SOMEWHERE IN Tenn. (BNC) by Chris Clevenger — I never imagined that my wife and I would be living in a minibus. We’ve always loved living in small spaces, but an 84-square-foot home on wheels was an entirely new experience. In October 2014, after six months of planning and preparation, Melissa Jane and I moved into Mabel Lou, our lovable little 1988 Chevy minibus.

The conscious decision to simplify our life and live on the road has been a long time coming. The past seven years together have taught Melissa Jane and me that our life is more peaceful, more contented, and more spiritually focused when we choose to live in close proximity with one another and with fewer things.

In early 2014, we decided that we would get rid of most of our belongings and keep those things that we felt added significant value to our lives. Now, everything that we own save a single rubbermaid container of keepsakes, a soon-to-be-sold Honda Civic, and a Craigslisted kitchen table is nestled aboard Mabel Lou.

We made the decision to live on a minibus so that we could pursue Biblical simplicity, gain experience, and exercise our abilities to their fullest potential to glorify God.

Beginning in 2015, we will be traveling full-time. Lord willing, this will give us the opportunity to devote ourselves to podcasting, writing, preaching, and encouraging the local church. We will produce regular content for The Light Network, a collection of Christian podcasts, and for the Gospel Broadcasting Network. Our writing and other materials will be posted on our personal websites and on The Lovable Little Bus website, a portal we hope to use to discuss simple living, contented joy, and the blessing of Christian liberty.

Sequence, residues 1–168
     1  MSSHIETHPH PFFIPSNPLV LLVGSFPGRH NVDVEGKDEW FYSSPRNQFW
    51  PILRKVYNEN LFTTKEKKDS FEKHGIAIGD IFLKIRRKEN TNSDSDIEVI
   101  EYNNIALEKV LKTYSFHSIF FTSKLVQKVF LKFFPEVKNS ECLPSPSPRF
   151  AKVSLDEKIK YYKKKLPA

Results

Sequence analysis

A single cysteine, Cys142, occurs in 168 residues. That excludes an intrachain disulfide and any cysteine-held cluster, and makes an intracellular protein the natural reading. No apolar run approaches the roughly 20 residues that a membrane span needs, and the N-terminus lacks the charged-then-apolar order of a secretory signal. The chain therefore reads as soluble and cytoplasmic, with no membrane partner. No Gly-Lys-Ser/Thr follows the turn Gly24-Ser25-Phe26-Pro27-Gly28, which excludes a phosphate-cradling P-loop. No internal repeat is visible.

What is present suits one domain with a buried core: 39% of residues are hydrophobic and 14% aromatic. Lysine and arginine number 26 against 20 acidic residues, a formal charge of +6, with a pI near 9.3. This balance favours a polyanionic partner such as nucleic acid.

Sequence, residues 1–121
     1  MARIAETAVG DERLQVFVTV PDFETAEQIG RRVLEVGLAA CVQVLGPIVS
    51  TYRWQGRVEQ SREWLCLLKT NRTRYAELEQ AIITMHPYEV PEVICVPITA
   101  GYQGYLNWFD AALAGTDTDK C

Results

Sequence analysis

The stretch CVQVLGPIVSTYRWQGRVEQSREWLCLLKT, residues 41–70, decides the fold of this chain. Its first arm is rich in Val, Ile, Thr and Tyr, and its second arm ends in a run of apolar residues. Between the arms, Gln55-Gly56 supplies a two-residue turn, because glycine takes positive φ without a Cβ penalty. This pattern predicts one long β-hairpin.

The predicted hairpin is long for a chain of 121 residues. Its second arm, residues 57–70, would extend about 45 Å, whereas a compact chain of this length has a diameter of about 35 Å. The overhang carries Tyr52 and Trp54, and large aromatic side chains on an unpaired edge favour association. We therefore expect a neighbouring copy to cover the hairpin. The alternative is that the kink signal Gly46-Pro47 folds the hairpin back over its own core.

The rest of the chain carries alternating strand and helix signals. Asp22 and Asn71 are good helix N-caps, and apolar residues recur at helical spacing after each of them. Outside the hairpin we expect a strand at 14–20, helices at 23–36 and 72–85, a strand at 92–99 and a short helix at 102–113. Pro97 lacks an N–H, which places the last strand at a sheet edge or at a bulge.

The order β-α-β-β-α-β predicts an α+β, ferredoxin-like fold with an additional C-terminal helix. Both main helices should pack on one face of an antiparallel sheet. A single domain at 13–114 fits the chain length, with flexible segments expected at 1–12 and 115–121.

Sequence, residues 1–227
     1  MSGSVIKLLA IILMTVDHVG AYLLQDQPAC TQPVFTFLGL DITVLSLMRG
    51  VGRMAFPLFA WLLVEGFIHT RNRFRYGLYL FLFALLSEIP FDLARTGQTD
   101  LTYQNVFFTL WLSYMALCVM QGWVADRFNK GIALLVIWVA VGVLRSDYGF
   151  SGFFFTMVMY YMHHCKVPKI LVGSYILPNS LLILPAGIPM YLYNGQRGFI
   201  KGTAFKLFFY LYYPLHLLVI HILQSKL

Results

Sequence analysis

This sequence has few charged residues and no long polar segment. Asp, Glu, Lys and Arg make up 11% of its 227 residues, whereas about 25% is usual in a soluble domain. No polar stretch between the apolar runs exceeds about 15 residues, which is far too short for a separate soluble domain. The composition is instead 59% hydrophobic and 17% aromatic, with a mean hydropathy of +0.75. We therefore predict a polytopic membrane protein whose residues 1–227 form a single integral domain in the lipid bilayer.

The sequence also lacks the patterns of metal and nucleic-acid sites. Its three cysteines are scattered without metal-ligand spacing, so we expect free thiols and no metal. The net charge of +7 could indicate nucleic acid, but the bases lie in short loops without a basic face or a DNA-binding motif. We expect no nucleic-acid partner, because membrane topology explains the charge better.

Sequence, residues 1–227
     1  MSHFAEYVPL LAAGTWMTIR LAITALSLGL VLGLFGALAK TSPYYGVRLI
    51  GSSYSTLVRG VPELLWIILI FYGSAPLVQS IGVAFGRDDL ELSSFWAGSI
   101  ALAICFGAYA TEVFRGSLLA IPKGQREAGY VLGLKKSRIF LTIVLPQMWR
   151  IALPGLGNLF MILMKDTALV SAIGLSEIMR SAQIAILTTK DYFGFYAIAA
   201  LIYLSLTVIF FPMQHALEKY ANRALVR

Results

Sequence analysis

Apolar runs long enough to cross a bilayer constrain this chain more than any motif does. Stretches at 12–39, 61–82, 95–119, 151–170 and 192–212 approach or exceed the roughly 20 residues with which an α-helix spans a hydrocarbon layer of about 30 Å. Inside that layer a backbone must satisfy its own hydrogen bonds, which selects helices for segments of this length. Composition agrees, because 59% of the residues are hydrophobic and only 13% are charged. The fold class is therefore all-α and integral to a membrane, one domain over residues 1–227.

We have tried to make ourselves available next year so that the Lord can use us as He sees fit. As such, our schedule has been filling with opportunities to host Gospel meetings, strengthen smaller congregations, and revisit many of the churches we have come to know over the past decade.

chris-clevengerLife onboard Mabel Lou is definitely unique. Melissa and I sleep together on a twin-sized mattress, bathe in a horse trough, and cook on a propane camping stove.

We have electricity when we have access to power or not, thanks to an in-house battery bank. We make use of the electricity to heat when it is available; when power is not easily accessible we use an indoor propane heater.

Magnetic curtains give us privacy and keep out the cold. The fabric also serves as sound suppression, allowing us to record our podcasts on the bus using high-quality studio equipment we’ve installed.

Our living situation is definitely simple—we have only those things that we need and some things that we really enjoy. A smaller space with fewer things helps us to appreciate the blessings, both free and acquired, that God has given unto us.

We don’t believe that God expects every Christian to sell all that they have and live out of a bus; however, the Bible does instruct us to be careful in our relationship with physical blessings, often challenging us to sacrifice more than we are able to give (cf. 1 Tim 5:17; Matt 6:19-21; Luke 12:33).

Pursuing adventure, passions, and the desires of our heart while maintaining a close connection with God is one of the best ways to glorify Him.

Melissa Jane and I have found that our separation from so many physical things has allowed us to channel our time and abilities for the benefit of others, explore what God has created, and live the abundant life (John 10:10).

Instead of laboring to serve our things, we’ve been blessed with the freedom to live for Christ without the burden of baggage.